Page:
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Rosiere v. United States

United States District Court, D. Nevada

May 9, 2017

SHAUN ROSIERE, Plaintiff,
v.
UNITED STATES OF AMERICA, Defendant.

          ORDER

          Gloria M. Navarro, Chief United States District Judge

         Pending before the Court is the Motion to Dismiss, (ECF No. 42), filed by Defendant United States of America (“Defendant”). Plaintiff Shaun Rosiere[1] (“Plaintiff”) filed a Response, (ECF No. 54), and Plaintiff filed a Reply, (ECF No. 62). For the reasons discussed below, the Court GRANTS Defendant's Motion.

         I. BACKGROUND

         Plaintiff's Complaint, (ECF No. 1), is one of several nearly identical requests under the Freedom of Information Act (“FOIA”). Over the span of approximately fourteen months, Plaintiff has filed nine cases involving these FOIA requests in seven federal districts.[2] Almost all of Plaintiff's FOIA requests relate to two criminal cases against him in the District of New Jersey, a civil forfeiture case in the District of Colorado involving Plaintiff and corporations apparently affiliated with him, and Plaintiff's incarceration in Colorado. (See, e.g., Compl.).

         Plaintiff initiated this case in the Northern District of California on May 23, 2016. (See id.). Shortly thereafter, Plaintiff's request to proceed in forma pauperis (“IFP”) was granted. (See Am. Order, ECF No. 6). On September 27, 2016, United States Magistrate Judge Laurel Beeler of the Northern District of California transferred the case to this Court. (See Order, ECF No. 33). In the instant Motion, Defendant seeks to dismiss Plaintiff's Complaint as malicious.

         II. LEGAL STANDARD

         Federal courts are required to dismiss an IFP action if the complaint fails to state a claim upon which relief may be granted, is legally “frivolous or malicious, ” or seeks monetary relief from a defendant who is immune from such relief. 28 U.S.C. § 1915(e)(2). The standard for determining whether a plaintiff fails to state a claim upon which relief can be granted under § 1915 is the same as the standard under Rule 12(b)(6) of the Federal Rules of Civil Procedure for failure to state a claim. Watison v. Carter, 668 F.3d 1108, 1112 (9th Cir. 2012).

         Rule 12(b)(6) of the Federal Rules of Civil Procedure mandates that a court dismiss a cause of action that fails to state a claim upon which relief can be granted. See North Star Int'l v. Ariz. Corp. Comm'n, 720 F.2d 578, 581 (9th Cir. 1983). When considering a motion to dismiss under Rule 12(b)(6) for failure to state a claim, dismissal is appropriate only when the complaint does not give the defendant fair notice of a legally cognizable claim and the grounds on which it rests. See Bell Atl. Corp. v. Twombly, 550 U.S. 544, 555 (2007). In considering whether the complaint is sufficient to state a claim, the Court will take all material allegations as true and construe them in the light most favorable to the plaintiff. See NL Indus., Inc. v. Kaplan, 792 F.2d 896, 898 (9th Cir. 1986).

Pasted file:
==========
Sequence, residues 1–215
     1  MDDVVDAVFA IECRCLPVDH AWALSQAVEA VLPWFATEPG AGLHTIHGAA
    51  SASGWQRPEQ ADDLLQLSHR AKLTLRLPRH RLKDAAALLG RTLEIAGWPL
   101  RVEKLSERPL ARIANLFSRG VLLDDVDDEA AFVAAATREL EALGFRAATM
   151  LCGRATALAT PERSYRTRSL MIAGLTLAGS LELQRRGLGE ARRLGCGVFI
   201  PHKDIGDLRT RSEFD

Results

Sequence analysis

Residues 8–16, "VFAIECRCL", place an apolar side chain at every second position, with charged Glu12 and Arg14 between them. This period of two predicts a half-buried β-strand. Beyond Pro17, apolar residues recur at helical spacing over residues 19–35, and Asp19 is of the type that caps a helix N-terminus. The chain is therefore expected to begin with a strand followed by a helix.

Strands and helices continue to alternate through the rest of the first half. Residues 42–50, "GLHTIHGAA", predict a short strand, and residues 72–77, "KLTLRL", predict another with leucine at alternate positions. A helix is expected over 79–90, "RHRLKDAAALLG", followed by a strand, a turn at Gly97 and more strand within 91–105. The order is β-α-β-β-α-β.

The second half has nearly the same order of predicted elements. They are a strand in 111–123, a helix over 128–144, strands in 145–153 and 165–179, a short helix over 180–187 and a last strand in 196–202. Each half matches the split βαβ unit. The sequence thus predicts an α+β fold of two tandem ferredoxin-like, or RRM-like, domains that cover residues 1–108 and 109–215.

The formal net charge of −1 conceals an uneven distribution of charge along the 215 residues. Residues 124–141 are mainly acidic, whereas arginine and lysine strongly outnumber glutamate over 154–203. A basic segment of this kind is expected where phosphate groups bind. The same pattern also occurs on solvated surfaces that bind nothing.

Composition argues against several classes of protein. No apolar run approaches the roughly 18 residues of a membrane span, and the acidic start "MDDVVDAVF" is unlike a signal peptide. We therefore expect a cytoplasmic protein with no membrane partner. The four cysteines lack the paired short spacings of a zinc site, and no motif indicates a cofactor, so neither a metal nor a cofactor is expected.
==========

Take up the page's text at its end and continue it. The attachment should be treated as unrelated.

The Court, however, is not required to accept as true allegations that are merely conclusory, unwarranted deductions of fact, or unreasonable inferences. See Sprewell v. Golden State Warriors, 266 F.3d 979, 988 (9th Cir. 2001). A formulaic recitation of a cause of action with conclusory allegations is not sufficient; a plaintiff must plead facts showing that a violation is plausible, not just possible. Ashcroft v. Iqbal, 556 U.S. 662, 678 (2009) (citing Twombly, 550 U.S. at 555) (emphasis added). “A claim has facial plausibility when the plaintiff pleads factual content that allows the court to draw the reasonable inference that the defendant is liable for the misconduct alleged.” Id. Rule 8(a)(2) requires that a plaintiff's complaint contain “a short and plain statement of the claim showing that the pleader is entitled to relief.” Fed.R.Civ.P. 8(a)(2). “Prolix, confusing complaints” should be dismissed because “they impose unfair burdens on litigants and judges.” McHenry v. Renne, 84 F.3d 1172, 1179 (9th Cir. 1996).

         III. DISCUSSION

         Defendant argues that Plaintiff's filing of identical and duplicative litigation in multiple federal courts qualifies this case as a “malicious” action under 28 U.S.C. § 1915(e)(2)(B)(i). The Court notes that a majority of the related cases filed by Plaintiff have been dismissed for improper venue or as frivolous and duplicative. Indeed, the Tenth Circuit has twice affirmed dismissal of actions filed by Plaintiff. See Rosiere v. United States, 650 F.App'x 593, 595 (10th Cir. 2016) (affirming dismissal by district court that “correctly concluded [Plaintiff's] complaint was ‘materially on all fours' with the complaints he filed in the Districts of Nevada and New Jersey”); Rosiere v. United States, No. 16-1313, 2016 WL 7367768, at *3 (10th Cir. Dec. 20, 2016) (“The district court did not abuse its discretion in finding that [Plaintiff's] litigation activity was malicious.”).

         Likewise, Judge Andrew P. Gordon dismissed a similar complaint also filed by Plaintiff in this District, which Plaintiff then appealed to the Ninth Circuit. See Rosiere v. United States, 2:15-cv-02187 (D. Nev.) (filed Nov. 16, 2015). The Ninth Circuit dismissed this appeal as frivolous. See Rosiere v. United States, No. 17-15103 (9th Cir. April 28, 2017). The Court agrees that the nearly identical Complaint filed in this case regarding the same FOIA requests is frivolous and malicious. Dismissal with prejudice is therefore appropriate pursuant to 28 U.S.C. § 1915(e)(2)(B)(i).

         IV. CONCLUSION

         IT IS HEREBY ORDERED that Defendant's Motion to Dismiss, (ECF No. 42), is GRANTED. Plaintiffs Complaint, (ECF ...


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